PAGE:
New National Investment Framework for Transport in Ireland
Last updated on
Last updated on
The Department of Transport has today (Tuesday 21 December) published a new transport investment framework to help Government deliver its vision for the sustainable development of Irish society.
The National Investment Framework for Transport in Ireland (NIFTI) sets out clear principles for the consideration of future transport investment and is closely aligned with key Government policy priorities and commitments, such as the Climate Action Plan and the National Development Plan.
Transport investment is a significant driver of population and settlement patterns. NIFTI seeks to ensure that the transport sector is closely aligned with the development targets set out in the National Planning Framework, including more compact urban growth and balanced regional development.
This new framework replaces the previous Strategic Investment Framework for Land Transport (SIFLT), which was published by the Department of Transport in 2015. NIFTI establishes four strategic investment priorities to address the transport challenges ahead. These priorities, which have equal weighting in the framework, include Decarbonisation, Protection and Renewal, Mobility of People and Goods in Urban Areas, and Enhanced Regional and Rural Connectivity.
Unlike the previous framework, which had ranked the maintenance of the network as the foremost priority, the NIFTI priorities are unranked – thus allowing for greater flexibility in the consideration of projects and for the support of new investment projects where appropriate.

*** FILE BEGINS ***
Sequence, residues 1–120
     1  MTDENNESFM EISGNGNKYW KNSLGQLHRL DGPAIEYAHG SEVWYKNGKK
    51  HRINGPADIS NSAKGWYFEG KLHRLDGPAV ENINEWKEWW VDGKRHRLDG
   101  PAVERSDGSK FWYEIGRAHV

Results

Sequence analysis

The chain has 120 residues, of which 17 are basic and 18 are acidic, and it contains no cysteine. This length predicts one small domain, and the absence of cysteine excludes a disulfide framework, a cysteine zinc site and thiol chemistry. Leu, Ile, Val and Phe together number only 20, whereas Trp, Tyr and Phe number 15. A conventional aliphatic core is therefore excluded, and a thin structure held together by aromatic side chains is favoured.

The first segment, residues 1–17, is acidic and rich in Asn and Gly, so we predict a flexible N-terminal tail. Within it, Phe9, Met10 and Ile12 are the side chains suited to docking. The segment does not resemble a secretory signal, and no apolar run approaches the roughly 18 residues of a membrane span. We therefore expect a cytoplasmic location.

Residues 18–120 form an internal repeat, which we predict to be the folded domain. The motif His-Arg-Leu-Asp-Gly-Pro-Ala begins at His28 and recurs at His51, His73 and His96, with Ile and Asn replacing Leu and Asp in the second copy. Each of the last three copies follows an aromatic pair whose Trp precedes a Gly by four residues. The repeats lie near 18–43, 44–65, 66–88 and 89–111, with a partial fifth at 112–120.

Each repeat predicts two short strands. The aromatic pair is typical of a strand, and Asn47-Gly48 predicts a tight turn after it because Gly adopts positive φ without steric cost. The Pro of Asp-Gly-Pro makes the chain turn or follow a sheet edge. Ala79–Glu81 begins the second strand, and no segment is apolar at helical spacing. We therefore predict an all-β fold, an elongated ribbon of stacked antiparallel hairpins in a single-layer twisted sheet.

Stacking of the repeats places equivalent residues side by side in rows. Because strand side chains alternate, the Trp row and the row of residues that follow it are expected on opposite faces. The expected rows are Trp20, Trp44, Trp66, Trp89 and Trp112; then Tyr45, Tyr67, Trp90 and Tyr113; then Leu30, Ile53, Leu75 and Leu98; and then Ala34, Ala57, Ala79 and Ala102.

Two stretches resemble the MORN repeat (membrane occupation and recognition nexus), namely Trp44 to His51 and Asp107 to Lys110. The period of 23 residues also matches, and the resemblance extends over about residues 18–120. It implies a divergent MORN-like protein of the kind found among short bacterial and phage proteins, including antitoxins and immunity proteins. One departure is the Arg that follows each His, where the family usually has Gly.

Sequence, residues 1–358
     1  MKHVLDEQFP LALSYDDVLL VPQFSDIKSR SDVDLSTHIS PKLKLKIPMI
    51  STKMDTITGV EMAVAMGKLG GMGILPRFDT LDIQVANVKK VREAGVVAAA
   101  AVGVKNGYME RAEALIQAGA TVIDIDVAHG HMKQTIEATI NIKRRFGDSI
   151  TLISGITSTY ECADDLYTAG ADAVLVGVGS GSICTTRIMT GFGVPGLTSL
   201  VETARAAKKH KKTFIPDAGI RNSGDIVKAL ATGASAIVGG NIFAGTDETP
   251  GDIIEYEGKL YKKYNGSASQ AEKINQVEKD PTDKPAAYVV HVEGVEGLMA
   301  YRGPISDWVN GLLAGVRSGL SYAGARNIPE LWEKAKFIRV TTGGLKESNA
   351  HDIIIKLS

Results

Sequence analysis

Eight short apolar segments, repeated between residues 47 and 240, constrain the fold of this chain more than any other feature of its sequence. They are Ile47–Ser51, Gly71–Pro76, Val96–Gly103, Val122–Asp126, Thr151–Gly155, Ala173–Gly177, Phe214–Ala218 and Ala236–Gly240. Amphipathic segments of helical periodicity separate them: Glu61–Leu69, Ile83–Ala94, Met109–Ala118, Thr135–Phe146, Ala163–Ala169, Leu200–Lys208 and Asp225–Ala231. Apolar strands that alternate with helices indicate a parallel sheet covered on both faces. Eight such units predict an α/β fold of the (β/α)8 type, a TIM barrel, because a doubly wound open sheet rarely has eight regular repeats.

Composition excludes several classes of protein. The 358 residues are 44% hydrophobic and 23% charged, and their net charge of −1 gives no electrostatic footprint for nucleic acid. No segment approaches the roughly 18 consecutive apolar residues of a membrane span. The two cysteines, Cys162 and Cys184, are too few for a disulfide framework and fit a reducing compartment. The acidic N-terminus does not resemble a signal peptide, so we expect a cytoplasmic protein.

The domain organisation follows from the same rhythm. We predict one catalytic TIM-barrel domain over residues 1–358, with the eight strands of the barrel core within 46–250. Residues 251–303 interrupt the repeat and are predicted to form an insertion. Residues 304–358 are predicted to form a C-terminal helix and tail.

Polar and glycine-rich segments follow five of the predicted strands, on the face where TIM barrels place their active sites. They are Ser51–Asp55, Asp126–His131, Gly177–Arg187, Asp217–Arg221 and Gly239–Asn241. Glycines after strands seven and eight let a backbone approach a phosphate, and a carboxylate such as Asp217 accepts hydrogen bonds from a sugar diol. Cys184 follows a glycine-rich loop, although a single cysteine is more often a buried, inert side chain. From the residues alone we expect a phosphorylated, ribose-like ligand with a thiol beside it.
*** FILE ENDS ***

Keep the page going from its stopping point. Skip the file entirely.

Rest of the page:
Referring to today’s publication, the Minister for Transport, Eamon Ryan TD, said:
“The National Investment Framework for Transport in Ireland recognises that transport investment plays a key role in where and how we live and travel, and its huge potential to create liveable connected communities. It also reflects the need to rapidly decarbonise the sector to deliver our national emissions reduction commitments, by considering active and public transport options first when developing solutions. The Government’s commitment to deliver a cleaner, greener transport system—one that provides accessibility and opportunity for all—are reflected in the principles of this framework.”
Minister of State with responsibility for International and Road Transport and Logistics, Hildegarde Naughton TD, added:
“With the publication of the National Investment Framework for Transport in Ireland, we will ensure that the appropriate balance is struck between the protection and renewal of our existing transport assets and the development of new infrastructure, guaranteeing connectivity to people and businesses in every community across the country.”
While NIFTI will be an important tool in future decision making by capturing critical data for assessment purposes, it will be only one element of a wider process that will inform decisions of Government on transport projects. Investment decisions will also continue to reflect the 2:1 ratio of expenditure between new public transport infrastructure and new roads in the Programme for Government, as well as the guaranteed €360m per annum in investment in active travel.
Notes to the Editor
The National Investment Framework for Transport in Ireland and supporting documentation is available by following this link here .